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Biden Warns Lives Could Be Lost In Kabul Airlift

image sourceGetty Images

image captionMr Biden has staunchly defended the US withdrawal

US President Joe Biden has acknowledged the evacuation of Americans from Afghanistan is “not without risk of loss”.

Speaking at the White House, Mr Biden said the US had evacuated 13,000 people to date in “one of the largest, most difficult airlifts in history”.

Mr Biden is promising to bring home all remaining Americans, along with 50-65,000 Afghans who helped US troops.

He has faced international criticism over the Taliban’s rapid takeover.

“Any American who wants to come home, we will get you home,” said Mr Biden, who cut short his holiday to address the crisis.

Taking questions from reporters, the president said the US military would make the “same commitment” to Afghan allies hoping to leave, before adding the evacuation of US citizens was the “priority”.

“Make no mistake, this evacuation mission is dangerous. It involves risks to our armed forces and it’s being conducted under difficult circumstances,” said Mr Biden.

“I cannot promise what the final outcome will be or that it will be without risk of loss. But as commander in chief, I can assure you that I will mobilise every resource necessary,” he added.

He also said it would not be necessary to send US troops into Kabul to extract trapped Americans, claiming that the Taliban was permitting airport entry to anyone holding a US passport.

However, numerous reports from Kabul have suggested US citizens are having trouble reaching the airport. And Defence Secretary Lloyd Austin told lawmakers in a briefing on Friday that Americans trying to leave Afghanistan have been beaten by Taliban fighters, reports Politico.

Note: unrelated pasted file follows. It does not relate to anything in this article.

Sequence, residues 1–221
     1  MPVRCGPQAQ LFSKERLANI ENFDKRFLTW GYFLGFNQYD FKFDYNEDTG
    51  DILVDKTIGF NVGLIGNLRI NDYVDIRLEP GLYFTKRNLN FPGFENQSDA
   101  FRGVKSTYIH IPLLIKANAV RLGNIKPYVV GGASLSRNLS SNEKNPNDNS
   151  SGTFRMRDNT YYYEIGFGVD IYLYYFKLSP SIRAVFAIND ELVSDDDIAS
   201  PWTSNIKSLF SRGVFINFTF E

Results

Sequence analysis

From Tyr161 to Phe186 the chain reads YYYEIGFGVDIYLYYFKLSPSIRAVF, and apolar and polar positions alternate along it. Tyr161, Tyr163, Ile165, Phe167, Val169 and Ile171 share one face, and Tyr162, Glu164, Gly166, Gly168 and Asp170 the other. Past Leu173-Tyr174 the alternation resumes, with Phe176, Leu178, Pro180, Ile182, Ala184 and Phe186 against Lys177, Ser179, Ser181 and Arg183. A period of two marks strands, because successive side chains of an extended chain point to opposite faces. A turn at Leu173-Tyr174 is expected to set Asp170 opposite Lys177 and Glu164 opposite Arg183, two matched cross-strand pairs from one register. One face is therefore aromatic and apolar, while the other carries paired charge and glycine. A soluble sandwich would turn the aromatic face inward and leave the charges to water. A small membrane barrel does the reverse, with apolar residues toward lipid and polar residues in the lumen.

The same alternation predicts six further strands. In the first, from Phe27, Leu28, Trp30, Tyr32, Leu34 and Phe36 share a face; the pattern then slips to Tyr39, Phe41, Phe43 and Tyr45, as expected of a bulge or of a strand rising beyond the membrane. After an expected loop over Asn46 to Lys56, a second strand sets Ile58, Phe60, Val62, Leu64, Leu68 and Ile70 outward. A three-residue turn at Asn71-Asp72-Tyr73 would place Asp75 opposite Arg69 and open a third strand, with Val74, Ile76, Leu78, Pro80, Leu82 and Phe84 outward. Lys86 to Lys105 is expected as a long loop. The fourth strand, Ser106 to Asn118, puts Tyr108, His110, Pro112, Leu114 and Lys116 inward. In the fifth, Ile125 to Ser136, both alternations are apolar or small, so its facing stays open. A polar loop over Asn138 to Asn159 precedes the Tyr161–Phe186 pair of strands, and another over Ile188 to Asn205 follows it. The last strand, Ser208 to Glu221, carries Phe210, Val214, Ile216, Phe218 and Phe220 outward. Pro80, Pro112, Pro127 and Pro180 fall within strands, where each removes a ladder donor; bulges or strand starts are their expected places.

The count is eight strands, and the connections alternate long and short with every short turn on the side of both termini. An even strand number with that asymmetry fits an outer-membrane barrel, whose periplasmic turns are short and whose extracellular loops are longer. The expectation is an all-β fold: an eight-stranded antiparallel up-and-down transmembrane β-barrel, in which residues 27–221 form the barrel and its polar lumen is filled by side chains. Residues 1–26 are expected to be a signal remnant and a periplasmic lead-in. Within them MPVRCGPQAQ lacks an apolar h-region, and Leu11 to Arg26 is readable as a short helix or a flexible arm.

media captionWidow of US soldier killed in Afghanistan: “How are we safer today?”

What has the criticism been?

The Biden administration has been questioned repeatedly this week on how the US intelligence service seemed to so seriously misjudge the situation in Afghanistan.

On Friday, Mr Biden again rejected the notion of an intelligence failure, saying there was a “consensus” among officials that the Taliban surging to power this quickly was “highly unlikely”.

The president also pushed back on the suggestion that events in Afghanistan had tarnished the US reputation on the world stage, insisting there had been “no question of our credibility from our allies around the world”.

Describing the war in Afghanistan as a “joint effort” with allied countries, Mr Biden said he would convene a meeting with G7 allies to discuss next steps.

On Friday, South Carolina Republican Senator Lindsey Graham said if the US leaves one US citizen or Afghan ally behind, Mr Biden should be impeached.

Several Democrats have also criticised Mr Biden. New Jersey Senator Bob Menendez, who chairs the powerful Senate Foreign Relations Committee, said he plans to seek a “full accounting” of what he described as the “flawed” withdrawal from Afghanistan.

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